Waushara, a central county of Wisconsin, drained by Fox, White, and Pine rivers; area, 648 sq. m.; pop. in 1870, 11,279; in 1875, 11,523. The surface is undulating and partly covered with a heavy growth of good timber, much of which is exported. The soil is fertile. The chief productions in 1870 were 201,743 bushels of wheat, 64,200 of rye, 143,099 of Indian corn, 166,383 of oats, 21,951 of buckwheat, 91,391 of potatoes, 321,706 lbs. of butter, 42,769 of wool, and 13,394 tons of hay. There were 1,978 horses, 10,790 cattle, 11,771 sheep, and 3,954 swine; 5 flour mills, and 9 saw mills. Capital, Wautoma.


See Light, Sound, and Tides.

Wax Myrtle

See Bayberry.


See Finch.

Waywode (Slav Voi Or Woy War, And Vodit Or Wodzic, To Lead)

Waywode (Slav Voi Or Woy War, And Vodit Or Wodzic, To Lead), a title formerly borne in Slavic countries by military leaders, who were also frequently governors of provinces, hence, as in Poland, called waywodeships. The governors of Moldavia and Wallachia, in the earlier history of those countries called way wodes, afterward took the Greek title despota, and finally the Slavic hospodar. The title waywode (Hun. vajda) was also in use in Hungary and Transylvania; and Serb Woiwodina (Serb Waywodeship) was the name of a division of Austria established by Francis Joseph in 1849, and abolished in 1860. It included the Banat and the county of Bács.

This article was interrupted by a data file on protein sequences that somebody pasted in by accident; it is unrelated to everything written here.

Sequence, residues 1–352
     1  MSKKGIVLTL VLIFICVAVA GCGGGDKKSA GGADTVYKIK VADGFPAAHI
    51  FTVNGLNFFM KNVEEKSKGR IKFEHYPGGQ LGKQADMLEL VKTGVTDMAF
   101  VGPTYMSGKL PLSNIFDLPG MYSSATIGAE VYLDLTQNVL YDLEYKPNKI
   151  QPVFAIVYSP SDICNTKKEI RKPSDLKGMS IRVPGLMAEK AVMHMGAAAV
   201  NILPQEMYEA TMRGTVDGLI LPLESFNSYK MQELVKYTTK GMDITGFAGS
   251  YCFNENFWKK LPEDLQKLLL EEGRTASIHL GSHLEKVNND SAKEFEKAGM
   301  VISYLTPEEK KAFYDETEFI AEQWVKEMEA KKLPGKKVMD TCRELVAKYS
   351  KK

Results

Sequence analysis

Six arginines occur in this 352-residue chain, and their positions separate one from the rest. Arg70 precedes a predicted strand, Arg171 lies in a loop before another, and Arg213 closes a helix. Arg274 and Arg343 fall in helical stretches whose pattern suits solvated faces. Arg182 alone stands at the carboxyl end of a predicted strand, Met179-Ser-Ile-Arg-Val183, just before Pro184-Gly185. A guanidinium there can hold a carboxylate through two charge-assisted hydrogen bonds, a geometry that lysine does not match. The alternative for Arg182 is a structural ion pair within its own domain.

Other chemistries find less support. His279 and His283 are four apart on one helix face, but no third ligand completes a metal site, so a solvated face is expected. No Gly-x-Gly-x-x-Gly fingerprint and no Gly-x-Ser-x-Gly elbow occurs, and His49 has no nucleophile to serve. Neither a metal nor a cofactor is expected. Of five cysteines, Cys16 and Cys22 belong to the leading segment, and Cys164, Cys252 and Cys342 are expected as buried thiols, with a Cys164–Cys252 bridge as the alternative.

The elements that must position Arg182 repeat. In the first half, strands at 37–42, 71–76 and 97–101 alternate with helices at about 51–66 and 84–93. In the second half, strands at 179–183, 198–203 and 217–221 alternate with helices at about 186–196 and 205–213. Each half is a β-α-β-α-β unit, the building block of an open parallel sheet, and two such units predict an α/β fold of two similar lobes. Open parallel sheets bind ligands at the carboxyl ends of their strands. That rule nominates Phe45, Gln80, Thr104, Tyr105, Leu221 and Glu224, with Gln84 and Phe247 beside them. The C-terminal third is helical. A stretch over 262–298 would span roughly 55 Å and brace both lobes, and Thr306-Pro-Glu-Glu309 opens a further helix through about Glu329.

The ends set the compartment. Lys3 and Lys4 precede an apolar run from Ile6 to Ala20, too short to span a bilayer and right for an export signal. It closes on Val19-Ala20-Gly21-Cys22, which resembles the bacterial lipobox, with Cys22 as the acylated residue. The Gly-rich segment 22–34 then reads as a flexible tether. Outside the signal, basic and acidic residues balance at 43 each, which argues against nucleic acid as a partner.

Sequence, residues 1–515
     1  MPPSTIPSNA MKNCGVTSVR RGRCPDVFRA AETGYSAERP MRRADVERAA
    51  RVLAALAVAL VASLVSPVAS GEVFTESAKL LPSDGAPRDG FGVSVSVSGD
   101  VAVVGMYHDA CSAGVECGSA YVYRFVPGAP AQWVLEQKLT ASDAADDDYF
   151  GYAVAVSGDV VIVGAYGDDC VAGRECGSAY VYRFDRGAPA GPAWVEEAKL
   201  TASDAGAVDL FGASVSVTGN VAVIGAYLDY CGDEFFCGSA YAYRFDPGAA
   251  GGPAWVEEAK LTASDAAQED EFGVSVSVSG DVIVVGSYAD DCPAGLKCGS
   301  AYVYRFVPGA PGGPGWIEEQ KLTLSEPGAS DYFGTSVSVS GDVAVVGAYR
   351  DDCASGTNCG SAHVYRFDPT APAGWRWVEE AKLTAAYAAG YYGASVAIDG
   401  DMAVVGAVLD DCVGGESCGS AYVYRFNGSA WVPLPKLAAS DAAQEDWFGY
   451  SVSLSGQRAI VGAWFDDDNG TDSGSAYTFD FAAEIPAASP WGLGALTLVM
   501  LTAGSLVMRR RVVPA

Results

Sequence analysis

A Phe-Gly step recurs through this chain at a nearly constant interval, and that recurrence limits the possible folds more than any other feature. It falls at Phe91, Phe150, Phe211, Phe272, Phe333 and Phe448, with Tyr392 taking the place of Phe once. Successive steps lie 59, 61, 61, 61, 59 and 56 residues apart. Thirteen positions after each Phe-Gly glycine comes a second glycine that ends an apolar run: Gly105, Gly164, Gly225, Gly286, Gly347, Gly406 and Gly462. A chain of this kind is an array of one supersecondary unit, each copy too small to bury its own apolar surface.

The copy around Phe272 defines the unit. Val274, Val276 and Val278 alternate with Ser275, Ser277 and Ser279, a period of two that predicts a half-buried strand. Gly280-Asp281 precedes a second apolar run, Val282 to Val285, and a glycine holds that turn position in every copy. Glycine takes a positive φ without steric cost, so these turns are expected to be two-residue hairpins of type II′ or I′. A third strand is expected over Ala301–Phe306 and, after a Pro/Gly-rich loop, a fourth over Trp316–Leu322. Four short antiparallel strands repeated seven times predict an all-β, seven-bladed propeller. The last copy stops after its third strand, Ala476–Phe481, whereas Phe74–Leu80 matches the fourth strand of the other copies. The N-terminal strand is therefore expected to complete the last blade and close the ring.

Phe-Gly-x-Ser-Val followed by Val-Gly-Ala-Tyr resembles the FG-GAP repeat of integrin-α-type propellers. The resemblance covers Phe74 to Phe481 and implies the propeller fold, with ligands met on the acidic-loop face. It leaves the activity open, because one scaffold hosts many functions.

See Vireo.


Weakley, a N. W. county of Tennessee, bordering on Kentucky, drained by tributaries of the Obion river; area, about 550 sq. m.; pop. in 1870, 20,755, of whom 3,899 were colored. The surface is nearly level, and the soil fertile. It is intersected by the Nashville, Chattanooga, and St. Louis railroad. The chief productions in 1870 were 136,298 bushels of wheat, 279,544 of Indian corn, 5,933 of Irish and 10,282 of sweet potatoes, 258,295 lbs. of butter, 20,056 of wool, and 2,599,590 of tobacco. There were 3,914 horses, 2,673 mules and asses, 4,062 milch cows, 4,913 other cattle, 13,034 sheep, and 38,935 swine; 4 flour mills, 1 cotton mill, and 10 saw mills. Capital, Dresden.


See Mechanics, vol. xi., p. 328.

Wednesday (Anglo-Saxon Wodnesdceg)

Wednesday (Anglo-Saxon Wodnesdceg), the fourth day of the week, named from Woden (A. S.) or Odin, the principal god of Scandinavian mythology.

Weentx, Or Weeninx, Jan Baptist

Weentx, Or Weeninx, Jan Baptist, called the Old, a Dutch painter, born in Amsterdam in 1621, died near Utrecht in 1660. He was instructed by Abraham Bloomaert and Nicholas Moojaert, spent four years in Italy, and was especially distinguished for his pictures of Italian seaports with architectural accessories, embarkations, etc, but excelled also in history, landscapes, portraits, and animals. - His son, Jan the Younger (1644-1719), excelled in dead game and hunting scenes, and painted also landscapes, animals, flowers, and fruit.


Wegefarth, an unorganized N. W. county of Texas, in the "panhandle;" area, 3,600 sq. m. It is drained by the forks of Red river. The W. part is hilly; the rest consists of undulating prairies.